Is Rebecca Minkoff close to a deal to sell her lifestyle brand?
According to sources, Minkoff is in talks to sell her 16-year-old company, which has been saddled with debt and has faced difficulties during the pandemic. The brand, which caters to the Millennial consumer, manufactures and markets handbags, clothing, footwear and accessories, and just launched a home line.
The company is owned by Rebecca Minkoff, cofounder and creative director, and her brother, Uri Minkoff, cofounder and chief executive officer.
Uri Minkoff told WWD on Monday, “As a privately held family business we do not comment on any rumors or speculation and are focused on creating the conditions for the future growth of the business. We have always had and are constantly receiving inquiries from parties, whether they be operational, supply chain, manufacturing or financial. We evaluate them on a case-by-case basis as the goal is always to maximize the growth of the business long term.”
Reports were circulating in the market that a deal could potentially be done this week. It couldn’t be learned who was buying the brand. Jason Rabin, CEO of Centric Brands, said, “We’re not one of the parties looking to acquire the brand.” WHP Global CEO Yehuda Shmidman said he wasn’t pursuing a deal either. Joey Gabbay, CEO of Bluestar Alliance, said he passed on it, and neither Zachary Sigel, cofounder of Marquee Brands, nor Jamie Salter, chairman and CEO of Authentic Brands Group, could be reached for comment.
One source said Minkoff could be in talks with a manufacturing partner, and not an IP one.
Sources indicated that Minkoff plans to go the route of an Article 9, a secured transaction where the borrower agrees to offer personal property for security against a debt. That route has none of the shielding that a bankruptcy would give them.
According to sources, a deal came together very quickly, and the offer could be for around $15 million. One source indicated that one of the factories was owed $25 million.
During the pandemic Minkoff acknowledged that the business has been challenging. She said in an interview last June that at the start of the pandemic, retailers abruptly canceled orders, and the brand started pivoting more to a direct-to-consumer business.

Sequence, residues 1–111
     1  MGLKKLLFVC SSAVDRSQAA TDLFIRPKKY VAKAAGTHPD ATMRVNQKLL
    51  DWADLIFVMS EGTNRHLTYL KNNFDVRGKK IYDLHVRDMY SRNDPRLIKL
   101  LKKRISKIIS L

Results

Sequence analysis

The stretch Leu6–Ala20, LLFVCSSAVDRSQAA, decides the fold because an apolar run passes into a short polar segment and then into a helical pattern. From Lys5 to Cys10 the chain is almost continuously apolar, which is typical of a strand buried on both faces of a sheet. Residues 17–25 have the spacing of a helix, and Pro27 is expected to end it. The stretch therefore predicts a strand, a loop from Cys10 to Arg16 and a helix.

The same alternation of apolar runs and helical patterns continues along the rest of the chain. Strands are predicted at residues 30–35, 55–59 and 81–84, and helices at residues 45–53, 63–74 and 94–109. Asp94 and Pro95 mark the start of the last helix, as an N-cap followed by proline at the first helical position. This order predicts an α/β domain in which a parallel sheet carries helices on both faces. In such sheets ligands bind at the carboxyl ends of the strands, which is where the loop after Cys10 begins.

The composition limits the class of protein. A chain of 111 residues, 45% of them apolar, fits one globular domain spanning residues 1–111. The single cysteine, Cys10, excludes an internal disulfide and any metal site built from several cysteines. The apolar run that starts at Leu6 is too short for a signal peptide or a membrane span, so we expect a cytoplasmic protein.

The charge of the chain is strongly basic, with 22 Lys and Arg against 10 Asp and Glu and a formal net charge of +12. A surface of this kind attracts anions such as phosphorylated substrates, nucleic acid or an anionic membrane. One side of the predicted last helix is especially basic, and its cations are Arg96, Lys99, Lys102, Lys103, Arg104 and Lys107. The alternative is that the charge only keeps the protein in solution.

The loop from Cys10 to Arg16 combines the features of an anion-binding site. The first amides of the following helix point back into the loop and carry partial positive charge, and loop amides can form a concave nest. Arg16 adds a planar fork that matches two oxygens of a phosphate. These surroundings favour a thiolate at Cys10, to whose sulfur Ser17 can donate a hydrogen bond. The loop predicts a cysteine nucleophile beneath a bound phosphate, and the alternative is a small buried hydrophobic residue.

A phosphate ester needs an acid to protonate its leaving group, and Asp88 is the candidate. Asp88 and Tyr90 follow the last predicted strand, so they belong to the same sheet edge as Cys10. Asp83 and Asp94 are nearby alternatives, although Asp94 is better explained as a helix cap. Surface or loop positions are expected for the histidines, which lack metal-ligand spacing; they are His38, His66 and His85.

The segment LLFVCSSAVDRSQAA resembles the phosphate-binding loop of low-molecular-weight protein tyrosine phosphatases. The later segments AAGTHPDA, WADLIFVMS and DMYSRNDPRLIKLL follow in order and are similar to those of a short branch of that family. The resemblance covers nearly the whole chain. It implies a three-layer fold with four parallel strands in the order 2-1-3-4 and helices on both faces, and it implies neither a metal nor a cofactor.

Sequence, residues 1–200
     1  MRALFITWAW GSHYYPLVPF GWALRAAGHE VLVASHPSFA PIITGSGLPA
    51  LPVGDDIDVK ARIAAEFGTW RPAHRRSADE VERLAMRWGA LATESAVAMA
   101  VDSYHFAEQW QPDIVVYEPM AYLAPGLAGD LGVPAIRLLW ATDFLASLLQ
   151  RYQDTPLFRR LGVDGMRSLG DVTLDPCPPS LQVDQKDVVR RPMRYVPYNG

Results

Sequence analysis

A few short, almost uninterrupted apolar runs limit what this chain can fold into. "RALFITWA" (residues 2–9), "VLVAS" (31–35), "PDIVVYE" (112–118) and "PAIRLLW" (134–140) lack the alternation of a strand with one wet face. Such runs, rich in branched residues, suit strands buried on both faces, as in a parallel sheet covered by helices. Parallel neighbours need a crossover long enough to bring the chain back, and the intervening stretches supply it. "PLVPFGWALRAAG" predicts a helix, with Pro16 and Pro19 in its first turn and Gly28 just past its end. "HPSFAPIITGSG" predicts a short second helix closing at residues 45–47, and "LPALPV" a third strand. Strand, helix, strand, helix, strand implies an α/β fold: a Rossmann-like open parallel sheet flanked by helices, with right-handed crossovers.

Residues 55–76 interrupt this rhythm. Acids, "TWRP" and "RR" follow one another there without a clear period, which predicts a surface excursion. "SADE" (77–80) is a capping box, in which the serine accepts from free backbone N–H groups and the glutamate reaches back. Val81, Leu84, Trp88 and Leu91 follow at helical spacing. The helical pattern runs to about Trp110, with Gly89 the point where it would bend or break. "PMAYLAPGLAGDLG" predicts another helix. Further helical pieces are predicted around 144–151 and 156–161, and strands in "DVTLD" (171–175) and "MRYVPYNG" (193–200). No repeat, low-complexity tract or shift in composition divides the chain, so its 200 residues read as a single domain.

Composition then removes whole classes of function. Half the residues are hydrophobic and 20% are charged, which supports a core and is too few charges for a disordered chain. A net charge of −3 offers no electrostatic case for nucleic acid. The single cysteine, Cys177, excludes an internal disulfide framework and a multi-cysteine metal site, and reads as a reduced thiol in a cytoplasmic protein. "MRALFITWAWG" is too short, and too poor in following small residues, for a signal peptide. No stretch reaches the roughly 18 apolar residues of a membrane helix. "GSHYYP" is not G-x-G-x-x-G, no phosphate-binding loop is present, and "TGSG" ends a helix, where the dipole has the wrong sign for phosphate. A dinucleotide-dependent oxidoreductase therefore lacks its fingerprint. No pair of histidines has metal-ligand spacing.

“The pandemic made everything come to a glaring halt for a good six to nine months,” said Minkoff at that time. “We’re now back working with these stores, and just ensuring that we’re prepared for a different relationship, not in a bad way at all. We want to make sure wherever we do business, we’re as profitable as we can be. It’s not about being everywhere, it’s about optimizing each store that we’re in so that we’re in the ones that are doing the most business.”
Minkoff said last June that her factors, Rosenthal & Rosenthal, have been “incredible.””
“They made a decision at the moment from their hearts and not what they saw on paper. To be able to call Michael [Stanley, currently senior adviser, the factoring division], and say, ‘I’m in Paris and I’m having a panic attack.’ You need to make a decision from your heart and not the number. The fact that we built a relationship beyond loaning money, he and the team have consistently come through and supported us, in ways that other people who are just about the bottom line haven’t.”
The Minkoffs have built their brand engaging with consumers on social media. The company was among the first to offer “see now, buy now” collections, a video wall for consumers in their flagship, interactive mirrors in dressing rooms and wearables. In September, Minkoff became the first major American designer to make the collection available via NFT. In a tech-forward collaboration with Yahoo, the project offered digital versions of Minkoff’s fall/holiday looks, along with immersive online and augmented reality experiences.
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